women's group gardening

What does Women’s Economic Empowerment (WEE) look like across Oxfam?

Women's Economic Empowerment

Palestinian women group walk to garden
Shafeeka is the head of the women’s group in her village. Oxfam and partner Rural Women’s Development Association have helped set the group up with greenhouses and seeds and provided training on farming techniques
Credit: Kieran Doherty/Oxfam

A Global Overview of 20 WEE Programmes and Projects in over 45 countries. We take a look at some of our WEE programmes below.

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Inclusive Markets and Value Chains

What is it? 

Inclusive market systems approaches focus on recognizing and redressing power imbalances between men and women, and between smallholder producers and large market actors. Value chains approaches focus on how increased knowledge, climate-resilience strategies and more equitable land rights enhance women’s collective power. 

Who does it?

Financial Inclusion and Enterprise Development 

Rwandan woman holding fabric
Theresie Nyirantozi (60 yrs) admires tailored fabric she purchased in her home in Kirehe District, Eastern Rwanda. Since joining the Tuzamurane pineapple cooperative Theresie feels proud to no longer have to ask her husband for money to buy clothes and fabric.  
Credit: Aurelie Marrier d’Unienville / Oxfam

What is it? 
Leadership and economic opportunities through savings groups, SMEs and incubators. Focus on: women’s control over productive assets, increased income and social capital, and business support through partnerships. 

Who does it? 

Influencing Stakeholders

Filipino husband helps wife with laundry
Randy Duran (35 yrs) helps his wife Maria Socorro with the family laundry outside their home on Tubabao Island, Guiuan, Eastern Samar, Philippines. After Maria did an RCA (We Care Rapid Care Assessment) her and Randy started to share household chores.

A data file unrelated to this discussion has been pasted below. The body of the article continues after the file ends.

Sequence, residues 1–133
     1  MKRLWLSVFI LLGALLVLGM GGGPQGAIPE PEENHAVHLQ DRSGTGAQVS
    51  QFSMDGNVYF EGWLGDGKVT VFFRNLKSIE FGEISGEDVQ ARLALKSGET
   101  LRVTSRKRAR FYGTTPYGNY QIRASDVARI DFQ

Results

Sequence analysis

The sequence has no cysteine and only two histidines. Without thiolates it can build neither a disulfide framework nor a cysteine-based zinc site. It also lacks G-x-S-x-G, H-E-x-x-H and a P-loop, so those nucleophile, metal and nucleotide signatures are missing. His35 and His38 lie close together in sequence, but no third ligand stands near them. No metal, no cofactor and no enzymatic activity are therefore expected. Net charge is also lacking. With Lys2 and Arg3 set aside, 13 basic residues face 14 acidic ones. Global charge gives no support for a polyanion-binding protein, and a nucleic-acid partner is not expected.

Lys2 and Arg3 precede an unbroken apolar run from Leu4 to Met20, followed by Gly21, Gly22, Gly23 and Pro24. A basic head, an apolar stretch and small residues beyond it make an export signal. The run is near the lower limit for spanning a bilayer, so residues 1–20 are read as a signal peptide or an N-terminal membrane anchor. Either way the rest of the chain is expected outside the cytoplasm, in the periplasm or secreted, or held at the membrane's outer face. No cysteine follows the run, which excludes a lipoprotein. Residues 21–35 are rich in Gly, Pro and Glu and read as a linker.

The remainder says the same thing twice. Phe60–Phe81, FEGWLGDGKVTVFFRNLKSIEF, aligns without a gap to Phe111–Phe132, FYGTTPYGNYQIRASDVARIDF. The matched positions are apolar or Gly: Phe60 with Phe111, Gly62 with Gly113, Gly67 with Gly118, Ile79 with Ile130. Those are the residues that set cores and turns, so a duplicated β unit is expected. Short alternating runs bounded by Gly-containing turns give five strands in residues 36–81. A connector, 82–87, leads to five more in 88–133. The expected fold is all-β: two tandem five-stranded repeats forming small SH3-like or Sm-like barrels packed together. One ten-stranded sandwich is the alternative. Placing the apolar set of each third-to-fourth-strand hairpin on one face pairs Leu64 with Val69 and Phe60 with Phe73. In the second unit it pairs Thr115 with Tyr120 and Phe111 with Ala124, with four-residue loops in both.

Credit: Aurelie Marrier d’Unienville / Oxfam

What is it? 

Influencing policy and partnering with local government, civil society organizations, international campaigns and private sector actors, to value women’s paid and unpaid work.

Who does it? 

Dignified and Decent Work

What is it?

Supporting rural and urban women workers – garment workers, domestic workers, home-based and gig economy workers. Focus on: re-valuing women’s work, building women’s collective power and fairer distribution of unpaid and paid care work. 

Who does it?


For the most up-to-date information on Oxfam’s WEE programmes, check out our related publications thread here and subscribe to the Women’s Economic Empowerment Knowledge Hub Newsletter.

Note: This overview is a rolling document to represent of the diversity of Oxfam’s WEE work. It is updated quarterly to reflect project changes and is not a complete catalogue of all of Oxfam’s WEE projects.

Author

Aissa Boodhoo

Aissa is the Women’s Economic Empowerment Knowledge Hub Coordinator at Oxfam GB.